Confidence intervals are everywhere in the quantitative research world, but in small scale qualitative research there isn’t a truly analogous concept. Nevertheless, being able to express how confident you are that an insight is accurate is useful, and that poses a question: how do you calculate a confidence score for insights from user research?
At Qualdesk, we’re big fans of making them up. And this isn’t as crazy as it seems.
In your own research, you’ll almost certainly have shared findings that you were very confident in, and others that you weren’t so sure about. And when you shared them, you (hopefully) let your audience know, separating the ‘safe bets’ from the more ‘emergent’ insights.
Whatever your choice of terminology, the premise is the same: if you share an insight with someone, and you also let them know how confident you are in it, it helps them to make an informed decision about the actions they might take as a result.
How do you score an insight?
There’s a trade-off to resolve here between perfection and speed, and at Qualdesk we believe that perfection is difficult. Trying to gauge the accuracy of data gleaned from small sample sizes is difficult.
On that basis, we’ve prioritised speed. And that’s where the 90/30 rule comes from.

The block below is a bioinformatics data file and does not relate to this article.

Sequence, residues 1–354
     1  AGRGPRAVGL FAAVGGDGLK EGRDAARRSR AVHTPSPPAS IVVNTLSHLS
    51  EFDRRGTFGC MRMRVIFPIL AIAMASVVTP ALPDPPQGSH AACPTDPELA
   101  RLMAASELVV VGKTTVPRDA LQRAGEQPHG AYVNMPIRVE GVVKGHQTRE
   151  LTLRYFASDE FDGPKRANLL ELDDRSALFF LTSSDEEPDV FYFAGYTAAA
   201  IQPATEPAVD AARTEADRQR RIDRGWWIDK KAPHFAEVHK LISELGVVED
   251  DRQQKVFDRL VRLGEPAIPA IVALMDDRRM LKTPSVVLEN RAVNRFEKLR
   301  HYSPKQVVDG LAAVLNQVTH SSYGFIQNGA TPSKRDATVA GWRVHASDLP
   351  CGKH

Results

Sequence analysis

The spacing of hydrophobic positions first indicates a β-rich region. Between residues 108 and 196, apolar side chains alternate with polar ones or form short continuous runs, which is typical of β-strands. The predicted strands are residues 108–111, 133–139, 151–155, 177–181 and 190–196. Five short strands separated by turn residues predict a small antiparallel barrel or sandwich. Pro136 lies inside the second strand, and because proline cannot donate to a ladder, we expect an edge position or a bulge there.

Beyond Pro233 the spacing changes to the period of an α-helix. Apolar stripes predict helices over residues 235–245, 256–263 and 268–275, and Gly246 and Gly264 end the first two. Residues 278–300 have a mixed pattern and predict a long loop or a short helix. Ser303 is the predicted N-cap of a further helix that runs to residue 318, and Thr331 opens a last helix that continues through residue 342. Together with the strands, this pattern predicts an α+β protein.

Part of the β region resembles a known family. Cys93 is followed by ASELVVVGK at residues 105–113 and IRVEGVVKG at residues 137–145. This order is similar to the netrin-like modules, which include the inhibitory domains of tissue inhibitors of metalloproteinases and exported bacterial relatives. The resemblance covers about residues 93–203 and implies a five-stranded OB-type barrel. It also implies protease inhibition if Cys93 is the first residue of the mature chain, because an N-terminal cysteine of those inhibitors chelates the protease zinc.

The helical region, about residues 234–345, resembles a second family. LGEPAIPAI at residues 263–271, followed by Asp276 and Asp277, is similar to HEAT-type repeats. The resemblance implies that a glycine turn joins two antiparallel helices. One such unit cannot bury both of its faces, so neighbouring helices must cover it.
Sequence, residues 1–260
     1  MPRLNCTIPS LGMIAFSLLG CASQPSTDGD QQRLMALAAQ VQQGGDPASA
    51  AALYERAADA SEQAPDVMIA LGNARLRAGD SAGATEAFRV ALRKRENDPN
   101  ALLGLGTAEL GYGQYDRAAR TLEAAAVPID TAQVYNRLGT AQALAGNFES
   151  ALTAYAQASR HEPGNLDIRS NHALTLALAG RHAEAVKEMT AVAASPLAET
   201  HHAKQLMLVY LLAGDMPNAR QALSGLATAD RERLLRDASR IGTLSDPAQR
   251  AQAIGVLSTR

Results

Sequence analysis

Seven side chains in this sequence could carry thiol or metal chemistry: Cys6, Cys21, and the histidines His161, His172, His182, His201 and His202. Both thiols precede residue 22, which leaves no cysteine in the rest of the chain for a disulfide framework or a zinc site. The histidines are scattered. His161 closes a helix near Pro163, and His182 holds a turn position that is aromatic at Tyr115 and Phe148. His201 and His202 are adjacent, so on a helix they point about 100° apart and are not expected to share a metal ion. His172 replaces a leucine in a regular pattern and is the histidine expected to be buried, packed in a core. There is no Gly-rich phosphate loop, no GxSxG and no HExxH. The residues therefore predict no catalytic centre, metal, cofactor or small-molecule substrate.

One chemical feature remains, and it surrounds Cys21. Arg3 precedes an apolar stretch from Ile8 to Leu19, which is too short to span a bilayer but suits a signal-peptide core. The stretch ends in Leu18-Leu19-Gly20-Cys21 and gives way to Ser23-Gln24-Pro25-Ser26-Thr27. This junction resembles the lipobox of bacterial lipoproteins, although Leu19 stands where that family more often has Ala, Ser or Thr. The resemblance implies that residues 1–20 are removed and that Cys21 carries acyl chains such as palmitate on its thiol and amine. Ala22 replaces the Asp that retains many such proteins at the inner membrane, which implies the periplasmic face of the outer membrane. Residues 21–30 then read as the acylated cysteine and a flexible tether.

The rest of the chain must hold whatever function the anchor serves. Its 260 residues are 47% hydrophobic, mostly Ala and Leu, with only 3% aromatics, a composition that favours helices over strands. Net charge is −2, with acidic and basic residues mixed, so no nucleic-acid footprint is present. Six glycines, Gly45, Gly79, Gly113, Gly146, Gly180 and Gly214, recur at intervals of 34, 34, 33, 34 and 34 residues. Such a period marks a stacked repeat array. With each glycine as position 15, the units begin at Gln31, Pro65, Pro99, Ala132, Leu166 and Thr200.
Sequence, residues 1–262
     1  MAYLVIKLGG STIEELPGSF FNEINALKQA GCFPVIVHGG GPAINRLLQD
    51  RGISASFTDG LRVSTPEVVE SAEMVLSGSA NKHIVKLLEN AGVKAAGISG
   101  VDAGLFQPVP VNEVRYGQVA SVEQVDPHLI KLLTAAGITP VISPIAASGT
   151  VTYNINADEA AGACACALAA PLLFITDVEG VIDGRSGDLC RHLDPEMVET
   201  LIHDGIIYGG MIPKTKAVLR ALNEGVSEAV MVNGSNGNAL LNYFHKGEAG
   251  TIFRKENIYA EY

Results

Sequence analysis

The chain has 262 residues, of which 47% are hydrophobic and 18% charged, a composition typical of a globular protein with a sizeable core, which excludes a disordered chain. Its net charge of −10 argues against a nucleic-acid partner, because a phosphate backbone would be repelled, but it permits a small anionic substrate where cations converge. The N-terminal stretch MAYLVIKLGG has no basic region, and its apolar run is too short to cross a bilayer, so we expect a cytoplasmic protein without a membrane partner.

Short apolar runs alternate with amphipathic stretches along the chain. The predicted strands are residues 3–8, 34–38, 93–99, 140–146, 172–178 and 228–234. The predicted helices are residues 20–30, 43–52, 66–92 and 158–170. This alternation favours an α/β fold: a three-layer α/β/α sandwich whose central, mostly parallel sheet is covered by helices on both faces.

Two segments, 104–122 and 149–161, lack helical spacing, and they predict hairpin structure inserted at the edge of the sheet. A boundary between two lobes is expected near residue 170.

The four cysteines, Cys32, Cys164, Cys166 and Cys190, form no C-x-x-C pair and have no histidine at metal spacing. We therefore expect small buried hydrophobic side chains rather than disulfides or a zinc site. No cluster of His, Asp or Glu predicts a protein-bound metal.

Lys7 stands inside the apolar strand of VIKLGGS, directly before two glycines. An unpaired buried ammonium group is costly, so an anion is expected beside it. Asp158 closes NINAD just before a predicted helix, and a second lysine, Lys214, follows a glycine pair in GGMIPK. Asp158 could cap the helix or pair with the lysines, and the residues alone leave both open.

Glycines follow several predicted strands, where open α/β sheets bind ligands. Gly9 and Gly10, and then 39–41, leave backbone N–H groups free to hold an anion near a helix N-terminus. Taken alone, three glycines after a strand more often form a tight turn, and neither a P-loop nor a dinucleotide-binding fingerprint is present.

For all of the insights to be scored, assign them either a 90% or 30% confidence score.
A 90% score means that we’re pretty certain about it and a 30% score means that more research is required – that there’s something about the insight that, well, we’re not confident in.
Next, for all of the 30% insights, we ask whether making any of the following changes would increase our confidence:
- Reducing scale (e.g. an insight that says “Users do X” could be de-scoped to “Users in Segment Q do X”)
- Reducing frequency (e.g. changing “often” to “sometimes”)
- Reducing impact (e.g. changing “furiously angry” to “mildly annoyed”)
If we can do that, we either increase confidence to 60% (if we still believe more research is required), or 90% (if the scope reductions make us confident).
Is this perfect? Absolutely not. Does it help us screen out the ‘good’ from the ‘maybe’ insights quickly? Definitely. Does it help us keep moving? Yes. And does it help us plan continuous research? Yes.
A final word
You may disagree about the 90/30 rule, and you may have your own system and rules for scoring – and that’s why we’ve made the confidence score property in Qualdesk Insights a simple percentage, so you can implement your own system.
However you do it, assigning scores gives your peers a clear guide as to which findings you believe are the most accurate, and allows them to plan and take action quickly as a result.